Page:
The online scheduling platform reports that nearly 1 million agents use ShowingTime in North America, and the app facilitated more than 50 million showings in 2020. That’s why so many traditional brokers now worry that Zillow will collect ShowingTime users’ information and then use it to help edge them out of the market.
Boston Agent readers responded to our survey about the mega-deal, with nearly two-thirds (63%) saying they use the app and 28% saying they are plan to drop it. Exactly half of respondents said they are uncertain whether they’ll continue using ShowingTime, while the remaining 22% said they will keep using it.
Of the users who said they’ll find another method of scheduling showings, the vast majority (91%) were unsure how they would replace the app. Some respondents said they’d do things the old-fashioned way — one user said they’d pick up the phone, and another noted, “I’ll book through my own agency, like we did before ShowingTime.”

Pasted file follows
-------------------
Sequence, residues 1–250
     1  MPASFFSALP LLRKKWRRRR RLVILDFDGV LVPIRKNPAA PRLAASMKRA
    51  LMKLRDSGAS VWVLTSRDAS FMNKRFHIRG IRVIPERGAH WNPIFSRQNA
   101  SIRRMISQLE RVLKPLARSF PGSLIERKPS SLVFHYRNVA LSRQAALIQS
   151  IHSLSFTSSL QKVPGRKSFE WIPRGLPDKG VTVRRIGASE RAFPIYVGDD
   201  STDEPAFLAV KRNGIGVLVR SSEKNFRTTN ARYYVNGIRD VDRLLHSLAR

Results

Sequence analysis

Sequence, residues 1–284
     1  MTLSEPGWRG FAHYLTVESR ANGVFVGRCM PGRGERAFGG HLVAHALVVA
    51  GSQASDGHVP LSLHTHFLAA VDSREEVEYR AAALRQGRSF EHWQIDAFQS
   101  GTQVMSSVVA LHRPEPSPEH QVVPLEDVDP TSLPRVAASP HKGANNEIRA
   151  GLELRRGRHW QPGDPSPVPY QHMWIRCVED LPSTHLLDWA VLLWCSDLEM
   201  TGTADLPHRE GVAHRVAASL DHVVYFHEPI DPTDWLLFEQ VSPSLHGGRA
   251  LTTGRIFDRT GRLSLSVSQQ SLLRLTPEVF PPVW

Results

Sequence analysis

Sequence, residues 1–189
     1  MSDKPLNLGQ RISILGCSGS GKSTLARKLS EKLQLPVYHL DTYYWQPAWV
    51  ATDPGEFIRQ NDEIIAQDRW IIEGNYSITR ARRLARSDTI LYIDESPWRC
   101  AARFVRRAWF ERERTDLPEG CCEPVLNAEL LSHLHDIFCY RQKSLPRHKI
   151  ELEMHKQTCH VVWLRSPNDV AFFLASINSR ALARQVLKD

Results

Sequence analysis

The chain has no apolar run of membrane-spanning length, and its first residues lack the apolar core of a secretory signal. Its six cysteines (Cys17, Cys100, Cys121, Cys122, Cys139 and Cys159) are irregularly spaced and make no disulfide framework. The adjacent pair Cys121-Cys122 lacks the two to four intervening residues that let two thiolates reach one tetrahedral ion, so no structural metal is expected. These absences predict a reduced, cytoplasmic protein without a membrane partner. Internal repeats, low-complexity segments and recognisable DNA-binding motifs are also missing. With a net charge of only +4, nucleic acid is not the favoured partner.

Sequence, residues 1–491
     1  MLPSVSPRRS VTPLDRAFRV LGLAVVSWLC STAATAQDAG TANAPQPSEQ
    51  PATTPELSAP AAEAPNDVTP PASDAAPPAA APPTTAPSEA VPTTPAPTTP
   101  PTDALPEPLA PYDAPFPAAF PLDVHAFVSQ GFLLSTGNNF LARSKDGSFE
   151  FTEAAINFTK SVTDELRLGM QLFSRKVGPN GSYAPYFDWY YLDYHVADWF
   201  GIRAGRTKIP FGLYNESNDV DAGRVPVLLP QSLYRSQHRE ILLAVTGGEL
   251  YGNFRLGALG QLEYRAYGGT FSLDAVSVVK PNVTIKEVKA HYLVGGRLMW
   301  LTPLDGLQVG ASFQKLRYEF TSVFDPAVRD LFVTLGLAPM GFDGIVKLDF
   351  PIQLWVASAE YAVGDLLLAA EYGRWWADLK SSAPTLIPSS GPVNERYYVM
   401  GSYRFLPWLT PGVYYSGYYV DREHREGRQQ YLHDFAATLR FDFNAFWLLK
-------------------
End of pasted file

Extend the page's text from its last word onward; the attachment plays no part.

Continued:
Zillow said in February that purchasing the app would help increase tour volume and transactions for its agents, adding that many of them already use ShowingTime. The company also noted that ShowingTime would “maintain its existing data privacy policies.”
Despite the public statement, Zillow has some heavy lifting to do to develop trust among its users. Most users (87%) said they are concerned that ShowingTime will share their information with Zillow.
One ShowingTime user gave this dour estimation of the deal: “We are frogs sitting in a pot of water before it starts to boil. Zillow keeps slightly turning up the heat. They aren’t making radical moves yet, but to mix metaphors, they are moving all the chess pieces in place to someday make their big move.”
Another said their clients are already receiving emails about Zillow purchase programs. “Zillow is looking to replace real estate brokers,” the broker wrote. “You are selling your own clients down the river for the extra buck.”